‘Shazam!’ is Funny, Entirely Forgettable

An uninspiring film balances comedy with corniness.
Shazam Cover

After a stretch of darker, monochromatic superhero movies, DC made perhaps its sharpest turn to big-screen comedy with 2018’s Teen Titans Go! to the Movies followed by the lighthearted $1billion blockbuster hit Aquaman. The sails continue in favor of superhero hijinks with Shazam!, a relatively lesser-known hero to serve as a new heat check for the ubiquitous success of comic book-based comedies. And while Shazam! meets its mandate with a genuine focus on brightness and laughs, the overall result is less than stellar by sacrificing the heart of a superhero movie. Shazam! will make you laugh; it will not inspire.

A dearth of inspiration might surprise moviegoers upon hearing the film’s plot: an everyday orphan, Billy Batson, is chosen to gain spectacular powers and become a hero. The heroism writes itself, an “anyone can wear the mask” waiting to happen, or a “diamond in the rough” should he prove to be uniquely good-hearted. It eventually gets there, the opportunity to face his foe to save the innocent — more on his family in a moment — though Shazam! instead diverts sight from its hero-versus-villain plot for most of the film. Instead, it replaces that conflict with two smaller ones as Billy searches for the mother from which he’s estranged, while learning from the friendship tension that arises from suddenly being a superhero.

Billy’s friendship tension comes from Freddy, his foster-brother who is the only person who knows Billy’s secret. Freddy rounds out the movie’s charm, as well as encapsulates Billy’s new perfect family of charming misfits. Former orphans themselves, two foster parents host five children even before Billy’s arrival, with Billy making it six. The majority of the film toggles between Billy and Freddy at home, at school, and out on the streets where a series of random events are leveraged to explore his powers. Freddy, played charmingly by Jack Dylan Grazer, anchors the comedy of the film, as well as its heart. Freddy would want nothing more than to be a superhero, but he’s forced to play tagalong as Billy squanders his potential.

Shazam Movie

“Squandered potential” belongs most to the writing for Shazam’s antagonist, Dr. Thaddeus Sivana, played by Mark Strong. Having once been the potential recipient of Shazam’s superpowers, Dr. Sivana is on a revenge quest of undying resentment after having been found unworthy. With gargoyles representing the seven deadly sins at his command, Sivana operates as a villain more befit to the 90s than today, complete with brooding, villainous stares. Sivana’s lowest notes come from his dramatically pulling off his glasses to reveal his blue eye in embarrassingly corny scenes that might function as cringe comedy.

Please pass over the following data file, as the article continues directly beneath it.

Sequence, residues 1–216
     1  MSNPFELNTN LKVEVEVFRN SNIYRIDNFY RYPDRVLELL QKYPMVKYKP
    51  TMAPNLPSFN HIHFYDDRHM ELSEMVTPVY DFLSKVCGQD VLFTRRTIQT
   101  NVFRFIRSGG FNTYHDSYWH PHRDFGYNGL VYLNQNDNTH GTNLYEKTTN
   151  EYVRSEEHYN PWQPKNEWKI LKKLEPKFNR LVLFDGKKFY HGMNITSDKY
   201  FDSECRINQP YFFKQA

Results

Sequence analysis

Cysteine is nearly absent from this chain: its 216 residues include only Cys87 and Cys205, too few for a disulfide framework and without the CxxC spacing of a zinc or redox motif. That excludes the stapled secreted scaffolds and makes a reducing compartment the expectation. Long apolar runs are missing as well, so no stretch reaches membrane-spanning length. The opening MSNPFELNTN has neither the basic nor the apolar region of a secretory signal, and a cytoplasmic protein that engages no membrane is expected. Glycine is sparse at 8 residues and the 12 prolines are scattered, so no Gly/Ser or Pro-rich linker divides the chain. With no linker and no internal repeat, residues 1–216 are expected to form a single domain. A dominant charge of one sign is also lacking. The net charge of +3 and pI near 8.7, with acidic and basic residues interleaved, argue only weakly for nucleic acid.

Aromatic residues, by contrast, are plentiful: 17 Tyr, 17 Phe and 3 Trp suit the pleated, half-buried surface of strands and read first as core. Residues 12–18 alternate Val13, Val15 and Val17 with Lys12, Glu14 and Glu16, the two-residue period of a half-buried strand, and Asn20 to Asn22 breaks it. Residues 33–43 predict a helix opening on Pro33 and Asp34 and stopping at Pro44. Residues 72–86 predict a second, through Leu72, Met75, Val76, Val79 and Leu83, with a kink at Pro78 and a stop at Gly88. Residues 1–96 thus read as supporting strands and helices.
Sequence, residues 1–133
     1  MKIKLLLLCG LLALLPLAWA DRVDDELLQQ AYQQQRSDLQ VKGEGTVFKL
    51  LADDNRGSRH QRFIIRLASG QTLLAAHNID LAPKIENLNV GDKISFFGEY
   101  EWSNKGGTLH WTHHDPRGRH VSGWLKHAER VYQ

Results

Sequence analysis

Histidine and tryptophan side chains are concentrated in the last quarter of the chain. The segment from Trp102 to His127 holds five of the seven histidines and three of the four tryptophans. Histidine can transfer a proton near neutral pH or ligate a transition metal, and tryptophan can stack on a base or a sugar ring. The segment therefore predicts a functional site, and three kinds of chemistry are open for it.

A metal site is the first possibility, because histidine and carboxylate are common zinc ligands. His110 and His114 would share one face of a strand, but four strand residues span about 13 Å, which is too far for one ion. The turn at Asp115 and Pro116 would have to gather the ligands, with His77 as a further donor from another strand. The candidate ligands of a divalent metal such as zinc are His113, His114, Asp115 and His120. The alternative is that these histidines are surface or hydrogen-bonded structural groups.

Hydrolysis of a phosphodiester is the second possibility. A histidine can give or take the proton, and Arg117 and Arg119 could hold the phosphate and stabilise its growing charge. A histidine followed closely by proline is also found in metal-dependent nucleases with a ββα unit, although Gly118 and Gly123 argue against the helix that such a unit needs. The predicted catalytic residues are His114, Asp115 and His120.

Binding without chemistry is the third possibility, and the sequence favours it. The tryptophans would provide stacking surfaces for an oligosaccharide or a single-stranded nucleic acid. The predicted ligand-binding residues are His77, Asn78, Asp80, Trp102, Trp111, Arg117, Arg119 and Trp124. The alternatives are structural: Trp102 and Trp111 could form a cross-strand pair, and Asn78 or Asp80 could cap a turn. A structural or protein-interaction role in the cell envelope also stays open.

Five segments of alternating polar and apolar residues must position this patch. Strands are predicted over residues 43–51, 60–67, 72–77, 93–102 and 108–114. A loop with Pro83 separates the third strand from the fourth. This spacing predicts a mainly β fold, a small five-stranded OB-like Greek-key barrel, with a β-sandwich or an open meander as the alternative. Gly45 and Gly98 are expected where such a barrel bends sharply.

Shazam! is indeed funny though, with its most memorable scenes coming from moments like the superhero singing Rocky’s theme music with added lyrics referring to his lightning powers. The laughs come sudden and frequent, often in the form of slapstick hijinks, the comedic equivalent of a horror movie jump scare. Perhaps the most telling thing that could be shared about Shazam! is that you may not recall a single piece of fight choreography, as the fights are of the Wile E. Coyote variety, running under a monster’s legs, or making a structure fall on the person being fought. With rarely a moment to cheer for Shazam to triumph and despite Grazer’s notable efforts, Shazam! focuses so much effort to being funny that it sacrifices the inspirational part of being a hero. The result is an entertaining comedy and middling superhero movie.

Still, Shazam! is definitely on the funniest end of the live-action DC movies, coupled with a diverse and endearing cast that make for a heartwarming family comedy. It’s an easy choice for family-friendly superhero movies, so much so that it’s almost a surprise it’s not premiered as a holiday season release. Shazam! finds its place in the lighthearted corner of the superhero world, with plenty of nods to the dark and stormy Justice League cast while keeping a tone far away from its other live-action counterparts. While you may not remember it long after exiting the theater, your young children may.

Shazam dance

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  • Jordan Calhoun is a writer in New York City. His forthcoming debut book "Piccolo Is Black" is a celebration of the common adaptations we made while non-diverse pop culture helped us form identities. He holds a B.A. in Sociology and Criminal Justice, B.S. in Psychology with a minor in Japanese, and an M.P.A. in Public and Nonprofit Management and Policy. He might solve a mystery, or rewrite history. Find him on Instagram and Twitter @JordanMCalhoun

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